The bouquet of wilting lilies in the foyer of the Justice and Development (A.K.) party headquarters in Ankara is a fitting emblem for Turkey's ruling party. Prime Minister Recep Tayyip Erdogan is fighting for his political life after a series of secretly taped conversations was posted on YouTube, a video-sharing website, on Feb. 24. In them he allegedly discusses with his younger son, Bilal, how to get rid of millions of euros in cash stashed in his home.
The exchanges are said to have taken place on Dec. 17. That was the day police raided the homes of sons of several members of Erdogan's cabinet and of some business allies as part of a corruption probe now labelled the biggest in recent history. Two of the ministers' sons and a business associate are in jail awaiting trial. Four cabinet ministers have been forced to resign.
Erdogan promptly denounced the recordings as a "shameless and treacherous montage" and hinted that they were the work of a powerful Sunni Muslim cleric, Fethullah Gulen, whose followers in the police and the judiciary are thought to be behind the investigations. Their aim is to unseat Erdogan, some say, perhaps before municipal elections on March 30.
Can they succeed? It is a measure of the uncertainty that has gripped the country that even habitually cautious western diplomats say, "Everything is possible." Erdogan's claims that the corruption probe is a foreign plot may have satisfied his pious core supporters, but the bombshell tapes have planted doubt in many people's minds.
They are only the latest in a series of incriminating recordings of Erdogan and his family members to be posted online. At least two million Turks have clicked on the recordings. One woman on an Istanbul commuter ferry played one loudly to other passengers. Thousands have taken to the streets, calling on the government to resign. Further demonstrations are expected.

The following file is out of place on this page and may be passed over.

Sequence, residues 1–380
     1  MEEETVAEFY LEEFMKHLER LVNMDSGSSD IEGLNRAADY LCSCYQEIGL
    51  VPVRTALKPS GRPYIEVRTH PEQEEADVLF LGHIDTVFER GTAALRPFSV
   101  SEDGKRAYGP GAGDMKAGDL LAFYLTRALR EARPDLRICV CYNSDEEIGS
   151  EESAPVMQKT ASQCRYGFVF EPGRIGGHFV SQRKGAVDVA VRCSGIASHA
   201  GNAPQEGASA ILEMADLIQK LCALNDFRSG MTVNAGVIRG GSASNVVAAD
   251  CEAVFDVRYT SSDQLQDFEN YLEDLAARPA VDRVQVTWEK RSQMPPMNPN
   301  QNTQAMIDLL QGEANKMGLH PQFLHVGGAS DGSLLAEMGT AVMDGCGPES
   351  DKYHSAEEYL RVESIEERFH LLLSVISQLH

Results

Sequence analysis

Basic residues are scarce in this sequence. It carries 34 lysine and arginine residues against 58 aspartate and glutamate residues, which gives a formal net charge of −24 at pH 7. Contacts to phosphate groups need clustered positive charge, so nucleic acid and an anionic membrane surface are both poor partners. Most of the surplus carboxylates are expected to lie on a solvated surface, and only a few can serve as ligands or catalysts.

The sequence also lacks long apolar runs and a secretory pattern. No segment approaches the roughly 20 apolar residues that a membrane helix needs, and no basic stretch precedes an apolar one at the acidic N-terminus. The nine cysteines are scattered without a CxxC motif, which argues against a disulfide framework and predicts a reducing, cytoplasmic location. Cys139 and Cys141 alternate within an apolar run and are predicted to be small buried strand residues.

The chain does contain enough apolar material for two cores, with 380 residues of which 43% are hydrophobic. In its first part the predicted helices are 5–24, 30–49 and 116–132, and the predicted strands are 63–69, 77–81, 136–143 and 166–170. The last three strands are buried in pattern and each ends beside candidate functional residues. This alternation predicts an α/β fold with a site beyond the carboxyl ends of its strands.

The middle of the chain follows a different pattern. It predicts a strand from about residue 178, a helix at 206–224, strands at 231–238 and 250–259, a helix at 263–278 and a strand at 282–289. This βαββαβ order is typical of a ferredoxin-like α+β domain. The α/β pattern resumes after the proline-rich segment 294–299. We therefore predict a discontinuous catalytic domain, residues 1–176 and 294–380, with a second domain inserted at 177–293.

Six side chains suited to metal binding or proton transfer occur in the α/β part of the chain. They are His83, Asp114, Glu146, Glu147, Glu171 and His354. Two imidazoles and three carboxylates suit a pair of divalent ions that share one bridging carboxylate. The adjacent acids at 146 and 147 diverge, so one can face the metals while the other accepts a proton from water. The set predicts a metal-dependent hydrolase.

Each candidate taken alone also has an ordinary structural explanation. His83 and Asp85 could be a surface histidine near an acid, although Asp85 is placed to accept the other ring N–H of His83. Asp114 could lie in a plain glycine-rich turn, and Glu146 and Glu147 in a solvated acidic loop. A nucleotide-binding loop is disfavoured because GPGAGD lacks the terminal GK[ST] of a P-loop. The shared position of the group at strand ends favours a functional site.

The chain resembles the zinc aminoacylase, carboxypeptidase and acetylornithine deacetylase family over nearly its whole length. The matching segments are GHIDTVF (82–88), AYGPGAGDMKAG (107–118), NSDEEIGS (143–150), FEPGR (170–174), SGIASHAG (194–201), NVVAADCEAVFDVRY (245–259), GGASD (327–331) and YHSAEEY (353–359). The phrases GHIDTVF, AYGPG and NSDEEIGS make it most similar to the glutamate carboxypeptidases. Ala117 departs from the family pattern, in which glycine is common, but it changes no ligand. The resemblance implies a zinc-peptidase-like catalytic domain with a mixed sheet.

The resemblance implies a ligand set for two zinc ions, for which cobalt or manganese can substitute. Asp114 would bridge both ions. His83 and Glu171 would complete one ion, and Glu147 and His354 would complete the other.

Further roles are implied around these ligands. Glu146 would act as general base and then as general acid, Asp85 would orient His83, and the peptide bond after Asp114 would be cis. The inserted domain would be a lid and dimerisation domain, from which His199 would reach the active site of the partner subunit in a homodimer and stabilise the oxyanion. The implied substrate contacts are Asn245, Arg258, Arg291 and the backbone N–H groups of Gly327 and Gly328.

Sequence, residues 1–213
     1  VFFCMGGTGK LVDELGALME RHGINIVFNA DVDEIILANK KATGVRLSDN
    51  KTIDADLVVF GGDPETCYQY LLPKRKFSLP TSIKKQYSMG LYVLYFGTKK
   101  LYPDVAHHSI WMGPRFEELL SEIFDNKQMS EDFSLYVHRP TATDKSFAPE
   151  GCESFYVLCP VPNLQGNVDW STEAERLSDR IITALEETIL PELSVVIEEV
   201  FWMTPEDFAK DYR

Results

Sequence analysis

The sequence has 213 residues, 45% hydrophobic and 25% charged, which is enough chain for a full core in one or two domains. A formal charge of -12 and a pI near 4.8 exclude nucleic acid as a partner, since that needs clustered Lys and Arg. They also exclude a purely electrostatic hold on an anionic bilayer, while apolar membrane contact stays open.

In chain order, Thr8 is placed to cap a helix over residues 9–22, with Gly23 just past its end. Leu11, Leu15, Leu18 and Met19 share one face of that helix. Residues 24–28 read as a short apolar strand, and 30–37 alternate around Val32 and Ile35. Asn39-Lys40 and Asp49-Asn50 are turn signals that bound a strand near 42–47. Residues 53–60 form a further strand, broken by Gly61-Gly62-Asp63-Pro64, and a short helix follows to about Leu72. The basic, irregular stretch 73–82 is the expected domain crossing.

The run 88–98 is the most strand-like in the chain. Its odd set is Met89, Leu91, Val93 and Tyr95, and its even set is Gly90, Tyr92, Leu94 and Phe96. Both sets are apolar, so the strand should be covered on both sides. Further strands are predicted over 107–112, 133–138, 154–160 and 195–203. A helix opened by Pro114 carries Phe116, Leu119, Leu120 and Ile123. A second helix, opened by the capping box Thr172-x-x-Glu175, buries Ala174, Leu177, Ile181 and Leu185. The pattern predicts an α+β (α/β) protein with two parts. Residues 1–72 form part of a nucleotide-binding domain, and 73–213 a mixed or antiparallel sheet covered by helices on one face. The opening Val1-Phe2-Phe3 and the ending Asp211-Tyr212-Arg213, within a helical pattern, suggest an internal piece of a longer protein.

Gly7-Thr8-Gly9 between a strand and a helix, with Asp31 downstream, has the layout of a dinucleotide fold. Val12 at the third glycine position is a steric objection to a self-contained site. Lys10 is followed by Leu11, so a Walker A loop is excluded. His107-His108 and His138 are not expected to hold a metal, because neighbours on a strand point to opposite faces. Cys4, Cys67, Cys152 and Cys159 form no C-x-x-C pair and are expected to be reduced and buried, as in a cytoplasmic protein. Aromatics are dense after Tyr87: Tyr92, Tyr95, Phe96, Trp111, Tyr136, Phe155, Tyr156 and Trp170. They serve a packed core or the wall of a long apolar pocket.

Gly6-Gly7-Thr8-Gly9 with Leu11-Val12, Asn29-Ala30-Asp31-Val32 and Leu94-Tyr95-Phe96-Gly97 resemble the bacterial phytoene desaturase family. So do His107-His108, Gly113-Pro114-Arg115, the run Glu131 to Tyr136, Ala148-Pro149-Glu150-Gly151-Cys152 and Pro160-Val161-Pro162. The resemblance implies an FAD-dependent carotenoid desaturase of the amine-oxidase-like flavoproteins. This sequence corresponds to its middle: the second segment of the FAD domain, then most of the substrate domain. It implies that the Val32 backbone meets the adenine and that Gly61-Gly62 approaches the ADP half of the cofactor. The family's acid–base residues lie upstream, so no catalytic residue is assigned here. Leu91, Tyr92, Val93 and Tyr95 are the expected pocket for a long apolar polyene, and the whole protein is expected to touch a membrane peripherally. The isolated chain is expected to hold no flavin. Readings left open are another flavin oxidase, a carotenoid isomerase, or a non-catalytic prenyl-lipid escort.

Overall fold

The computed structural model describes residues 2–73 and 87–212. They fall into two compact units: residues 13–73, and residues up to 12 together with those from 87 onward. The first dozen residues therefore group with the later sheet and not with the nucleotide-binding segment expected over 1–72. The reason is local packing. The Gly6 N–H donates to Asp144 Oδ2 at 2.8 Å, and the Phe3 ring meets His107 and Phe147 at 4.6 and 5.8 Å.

"Erdogan's back is against the wall," says Ertugrul Gunay, a former culture minister who fell foul of the prime minister. "He could do anything to remain out of jail."
So far, Erdogan's response has been to reshuffle thousands of police officers and prosecutors thought to be Gulen operatives. More controversially, he has passed new laws to tighten Internet censorship, give the government greater control over judges and prosecutors and expand the considerable powers of the national spy agency.
Erdogan says the measures are needed in order to dismantle Gulen's "parallel state." To many, however, they are a crude attempt to cement his own grip, stop further incriminating recordings and shield himself from prosecution.
Few believe the revelations will stop here. Many are bracing for video recordings of the Erdogans spiriting out their alleged millions. As President Abdullah Gul recently conceded, no restrictions can completely stanch the flow of dirt.
Gul has drawn his share of criticism for signing the controversial Internet and judiciary laws, albeit with objections, some of which were taken into account through revisions. He was assumed to have wanted to swap jobs with Erdogan when his term expires in August. Now, though, Erdogan's presidential dreams seem unattainable unless A.K. wins heavily in March.
Numan Kurtulmus, an A.K. deputy chairman, declares, "We shall win 55 of a total of 81 cities."
It is impossible to predict, however. One leaked recording has an Erdogan flunky talking to a newspaper editor about doctoring an opinion poll.
Still, the conventional wisdom is that, unless voters feel the economic pinch, few will be bothered by their rulers' sleaze. Should this prove wrong -- and several people now expect A.K. to lose Ankara -- Erdogan's fellow party members may at last decide that it is time to replace him.
Gul is still touted as one possible successor. Another is Ali Babacan, the deputy prime minister, who has a spotless reputation. The bigger question, though, is where to park Erdogan. Last week, the leader of the main opposition party, Kemal Kilicdaroglu, told the prime minister what he should do: "Get on a helicopter and leave the country."